Nutanix Partners with NVIDIA to Drive Graphics via VDI

Mike Vizard
Slide Show

Dispelling the Myths and Fears of Converged Infrastructure

While virtual desktop infrastructure (VDI) always offers a certain amount of appeal to IT organizations looking to simplify desktop computing management, applications with a lot of latency sensitivity didn’t lend themselves to I/O constraints associated with running desktop servers on the server.

But in the last year, the rise of converged infrastructure coupled with solid-state drives (SSDs) is making it a lot more feasible to run some of the most I/O-challenged applications on top of a VDI architecture. To that end, Nutanix, a provider of converged server and storage infrastructure, has partnered with NVIDIA to deliver the NX-7110 Virtual Computing Platform, which includes graphics cards in a converged infrastructure platform capable of supporting the most demanding of desktop applications within a VDI environment.

According to Greg Smith, senior director of product and technical marketing for Nutanix, the NX-7110 Virtual Computing Platform combines NVIDIA GRID virtualization technology with PC-over-IP (PCoIP) hardware acceleration technology developed by Teradici. Combine that with faster 10G Ethernet, and Smith says organizations now have the option of dedicating graphics cards on a server to specific users or treating them as a shared resource using either VMware Horizon Suite or Citrix XenDesktop software.

Smith says that what ultimately differentiates Nutanix is that its platforms are built on a scale-out architecture that makes upgrading the overall environment simpler and more affordable as the number of users grows.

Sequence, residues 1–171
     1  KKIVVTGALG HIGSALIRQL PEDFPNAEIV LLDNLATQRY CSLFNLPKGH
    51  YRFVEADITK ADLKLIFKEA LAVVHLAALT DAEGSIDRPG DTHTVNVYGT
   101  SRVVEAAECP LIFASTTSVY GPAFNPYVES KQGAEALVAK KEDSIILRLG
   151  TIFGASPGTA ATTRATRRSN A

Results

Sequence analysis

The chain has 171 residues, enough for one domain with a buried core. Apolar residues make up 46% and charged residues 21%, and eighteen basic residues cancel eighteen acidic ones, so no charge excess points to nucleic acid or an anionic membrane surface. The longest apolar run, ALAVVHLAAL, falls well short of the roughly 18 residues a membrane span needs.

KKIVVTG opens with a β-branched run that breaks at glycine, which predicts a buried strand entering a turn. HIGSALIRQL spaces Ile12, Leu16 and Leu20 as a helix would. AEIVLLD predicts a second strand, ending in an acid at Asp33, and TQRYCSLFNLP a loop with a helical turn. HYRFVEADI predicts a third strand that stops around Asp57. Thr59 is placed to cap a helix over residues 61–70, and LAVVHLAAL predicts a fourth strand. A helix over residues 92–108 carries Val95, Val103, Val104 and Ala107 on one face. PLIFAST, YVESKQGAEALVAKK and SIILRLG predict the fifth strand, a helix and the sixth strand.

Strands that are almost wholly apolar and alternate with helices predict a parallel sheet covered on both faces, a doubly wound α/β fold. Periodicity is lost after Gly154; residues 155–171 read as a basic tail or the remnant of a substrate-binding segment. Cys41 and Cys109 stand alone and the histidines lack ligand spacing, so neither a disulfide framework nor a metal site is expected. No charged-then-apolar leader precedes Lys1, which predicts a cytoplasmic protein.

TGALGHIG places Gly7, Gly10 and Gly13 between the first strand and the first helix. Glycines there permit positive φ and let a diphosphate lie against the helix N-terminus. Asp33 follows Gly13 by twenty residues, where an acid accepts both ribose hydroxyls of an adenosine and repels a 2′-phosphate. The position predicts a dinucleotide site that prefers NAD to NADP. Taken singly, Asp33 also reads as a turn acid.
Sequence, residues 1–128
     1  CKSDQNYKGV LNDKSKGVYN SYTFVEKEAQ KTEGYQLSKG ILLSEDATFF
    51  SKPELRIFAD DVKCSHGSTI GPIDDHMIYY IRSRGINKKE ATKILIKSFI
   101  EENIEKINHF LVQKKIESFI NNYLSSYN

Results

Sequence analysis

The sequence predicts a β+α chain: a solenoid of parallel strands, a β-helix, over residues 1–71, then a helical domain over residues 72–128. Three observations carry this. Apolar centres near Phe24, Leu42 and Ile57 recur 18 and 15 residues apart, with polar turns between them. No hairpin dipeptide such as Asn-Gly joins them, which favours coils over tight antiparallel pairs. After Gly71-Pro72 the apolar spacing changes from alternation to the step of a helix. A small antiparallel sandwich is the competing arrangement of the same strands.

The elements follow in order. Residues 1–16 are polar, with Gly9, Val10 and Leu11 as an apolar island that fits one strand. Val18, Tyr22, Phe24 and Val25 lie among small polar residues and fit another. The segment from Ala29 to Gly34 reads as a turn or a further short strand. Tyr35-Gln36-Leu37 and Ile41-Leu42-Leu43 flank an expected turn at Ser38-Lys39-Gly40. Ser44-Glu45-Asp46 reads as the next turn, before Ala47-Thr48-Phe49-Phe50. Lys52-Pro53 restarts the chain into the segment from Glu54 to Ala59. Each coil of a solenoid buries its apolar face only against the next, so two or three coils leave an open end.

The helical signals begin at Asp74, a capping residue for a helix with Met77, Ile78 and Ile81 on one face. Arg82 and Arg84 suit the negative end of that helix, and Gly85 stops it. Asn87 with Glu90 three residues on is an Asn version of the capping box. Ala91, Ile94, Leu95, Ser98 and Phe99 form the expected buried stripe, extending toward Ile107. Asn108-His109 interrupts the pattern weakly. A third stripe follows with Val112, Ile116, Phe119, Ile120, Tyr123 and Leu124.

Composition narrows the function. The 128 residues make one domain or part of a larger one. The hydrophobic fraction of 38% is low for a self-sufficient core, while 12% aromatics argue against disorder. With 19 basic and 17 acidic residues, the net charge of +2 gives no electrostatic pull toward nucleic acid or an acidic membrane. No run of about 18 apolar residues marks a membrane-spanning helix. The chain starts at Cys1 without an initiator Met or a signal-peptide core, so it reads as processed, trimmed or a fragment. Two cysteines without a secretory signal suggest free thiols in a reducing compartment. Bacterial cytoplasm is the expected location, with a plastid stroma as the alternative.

Like many emerging technologies, VDI is going through something of a Renaissance period after an initial wave of enthusiasm was met with disillusionment brought on by the total cost of acquiring the infrastructure needed to make it work. For the most part, those cost issues still exist. But as pricing for converged infrastructure and Flash storage continues to fall, the total cost of deploying VDI continues to fall as well. IT organizations then have to weigh those costs against the inherent flexibility VDI provides in terms of managing the overall environment.

VDI still may not be for everyone. But with each iteration of infrastructure, it’s becoming clearer that the economics of VDI are steadily changing for the better. In addition, support for graphics applications means that IT organizations are not limited to running some applications on VDI, while still needing to support individual desktops for certain classes of users.

Going into 2014, a lot more IT organizations that can afford the price of entry are going to be deploying VDI, if for no other reason than to eliminate all the headaches associated with supporting individual desktop machines.



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